Now, none of this is to say that Youngkin is right on the issues. That’s a matter of political taste. The point is that his political style is quite different from Trump’s and, yes, style matters. All the things that Youngkin has done that outrage Democrats most are things that I can easily envision any of the last three Republican governors (Bob McDonnell, Jim Gilmore, George Allen) doing. Youngkin drew Democratic opposition when he tried to appoint Trump’s former Environmental Protection Agency administrator as Secretary of Natural and Historic Resources. But Allen sparked controversy when he named former Reagan appointee Becky Norton Dunlap to the same post in the 1990s. You can debate the records of both, but, big picture, I’m not seeing anything new. If Democrats didn’t want a former coal lobbyist in charge of Virginia’s environment, they should have won the election. They didn’t, but they did manage to block Andrew Wheeler’s appointment.

The website Salon earlier this year ran a story headlined “There are no moderate Republicans” and used Youngkin as one of their examples. Salon is probably right. Moderate Republicans seem extinct, or nearly so. I certainly wouldn’t call Youngkin a moderate but I don’t see him as a Trumpist, either. He seems a pretty normal Republican to me – the type of Republican who fits comfortably in that line from Allen to Gilmore to McDonnell, none of whom were moderates, either. Salon went on to say that Youngkin “ran as an approximate moderate and kept his distance from Trump.” Those are two different things. Youngkin did keep his distance from Trump but I dispute the notion that he ran as “an approximate moderate.” Youngkin’s conservatism seemed on full display throughout the campaign. The biggest thing he’s done to surprise me as governor is that he’s endorsed Virginia trying to enable a stadium for the Washington Commanders. (That’s another thing he has in common with Wilder. Wilder tried to get a Virginia stadium for the Washington team and that didn’t work out, either.) We certainly shouldn’t be surprised by Youngkin’s support for an abortion ban at 15 weeks; it’s also fair to ask what kind of restrictions he’d support if voters install a Republican majority in both chambers of the General Assembly, a question so far he hasn’t seemed inclined to answer, perhaps for the obvious political reasons. However, there were plenty of socially conservative Republicans who wanted a total ban on abortion long before Trump came on the scene – and will continue to do so after Trump departs. The question isn’t whether Youngkin is socially conservative (he is) but whether he is a Trumpist. We ought to be sophisticated enough to see the difference, even if some people don’t like either variety of Republican.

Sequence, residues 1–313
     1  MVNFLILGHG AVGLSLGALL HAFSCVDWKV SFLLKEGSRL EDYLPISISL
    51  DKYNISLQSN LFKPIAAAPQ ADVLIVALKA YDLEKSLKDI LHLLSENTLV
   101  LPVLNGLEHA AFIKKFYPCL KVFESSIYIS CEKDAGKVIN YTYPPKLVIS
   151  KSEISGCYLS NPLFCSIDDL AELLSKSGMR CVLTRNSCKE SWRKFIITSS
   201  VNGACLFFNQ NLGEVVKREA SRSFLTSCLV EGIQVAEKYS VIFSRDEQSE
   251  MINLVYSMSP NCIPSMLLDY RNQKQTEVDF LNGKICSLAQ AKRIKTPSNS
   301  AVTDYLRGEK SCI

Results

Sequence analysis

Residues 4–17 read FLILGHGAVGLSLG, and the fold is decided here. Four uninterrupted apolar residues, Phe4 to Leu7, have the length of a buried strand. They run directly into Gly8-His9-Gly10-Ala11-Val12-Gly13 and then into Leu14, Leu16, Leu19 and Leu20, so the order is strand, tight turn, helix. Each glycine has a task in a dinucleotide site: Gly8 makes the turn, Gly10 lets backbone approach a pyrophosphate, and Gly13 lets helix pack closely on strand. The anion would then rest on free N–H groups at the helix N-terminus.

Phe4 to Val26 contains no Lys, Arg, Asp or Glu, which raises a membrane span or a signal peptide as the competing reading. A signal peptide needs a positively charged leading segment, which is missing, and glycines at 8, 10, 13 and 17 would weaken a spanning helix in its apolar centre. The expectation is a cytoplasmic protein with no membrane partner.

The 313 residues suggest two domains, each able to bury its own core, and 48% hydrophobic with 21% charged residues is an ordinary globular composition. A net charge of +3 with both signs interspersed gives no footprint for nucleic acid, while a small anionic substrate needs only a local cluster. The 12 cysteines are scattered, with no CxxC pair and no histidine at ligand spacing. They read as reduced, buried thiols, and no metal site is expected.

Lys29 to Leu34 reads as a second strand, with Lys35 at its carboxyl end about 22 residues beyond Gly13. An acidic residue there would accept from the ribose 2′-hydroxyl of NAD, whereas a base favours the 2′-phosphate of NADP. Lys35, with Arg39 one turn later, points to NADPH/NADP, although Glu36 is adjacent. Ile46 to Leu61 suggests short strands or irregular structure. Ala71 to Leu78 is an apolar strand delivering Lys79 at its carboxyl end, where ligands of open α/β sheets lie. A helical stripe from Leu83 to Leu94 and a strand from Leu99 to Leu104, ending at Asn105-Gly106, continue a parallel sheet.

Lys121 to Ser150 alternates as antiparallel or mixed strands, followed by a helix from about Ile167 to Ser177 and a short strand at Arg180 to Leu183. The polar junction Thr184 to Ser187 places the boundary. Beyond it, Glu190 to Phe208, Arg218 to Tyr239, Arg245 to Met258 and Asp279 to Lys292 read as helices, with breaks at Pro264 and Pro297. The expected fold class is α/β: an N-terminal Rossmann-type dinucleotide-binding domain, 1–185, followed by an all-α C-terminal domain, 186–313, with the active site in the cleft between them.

Now, Youngkin hasn’t gone full Liz Cheney and denounced Trump as a potential autocrat who wanted to lead an armed mob on the Capitol to overturn election returns he didn’t like. Personally, I wish every Republican would join her – the health of the republic seems to demand it. But I also understand the political pressures from Trump’s cult-like base. I get the sense that a lot of Republicans who know better just hope Trump fades away and we can return to something close to normal. Whether that’s wise or naive, someday we’ll know. For now, Youngkin seems to me the type of Republican we’d have gotten if Trump had never happened. (If you’re a Democrat, that’s still objectionable enough, of course.)

It’s also useful to know something about the context of the Nebraska Republican Party that Youngkin spoke to over the weekend. Nebraska Republicans just went through a bitter primary for governor in which the candidate endorsed by Trump – Charles Herbster – lost. Herbster also has yet to endorse the winner, Jim Pillen. Part of what Youngkin did in Omaha was headline a fundraiser for Pillen. Read into that whatever you like but Youngkin sure hasn’t thrown in his lot with the Trump wing of the party. However, that wing of the party continues to exercise a lot of power.

Youngkin’s soothing, generic words also came against a backdrop of what Nebraska news media called a “turbulent” convention. Last week, the party revoked the credentials of six convention delegates because, according to the Omaha World-Herald, “they had spoken out against Republican leadership or nominees” When one of those delegates showed up anyway, “he was grabbed by a security guard who didn’t identify himself, to which [the uncredentialed delegate] allegedly reacted violently,” according to Nebraska.TV. The Omaha World-Herald says that delegate was arrested “on suspicion of third-degree assault and second-degree trespassing.” At the convention, the Trumpist faction took charge – reinstated that delegate’s credentials and then fired the party chairman who was seen as too identified with the party’s establishment nominee. Nebraska Republicans, it seems, have a gubernatorial nominee favored by traditionalists, but a party convention and party chairman more in line with Trumpists. As I read accounts in the Nebraska news media, I notice that virtually all the coverage was about the convention turmoil, not about what Youngkin had to say. We in Virginia may be paying more attention to that than Nebraska Republicans did. 

I don’t pretend to understand all the passions that are roiling Nebraska Republicans, but it does seem useful to know that Youngkin wasn’t there to stir them further. That doesn’t mean he’s right on any issue — again, a matter of taste — but it does suggest he’s sure not Trump.

Dwayne Yancey

Yancey is editor of Cardinal News. His opinions are his own. You can reach him at dwayne@cardinalnews.org.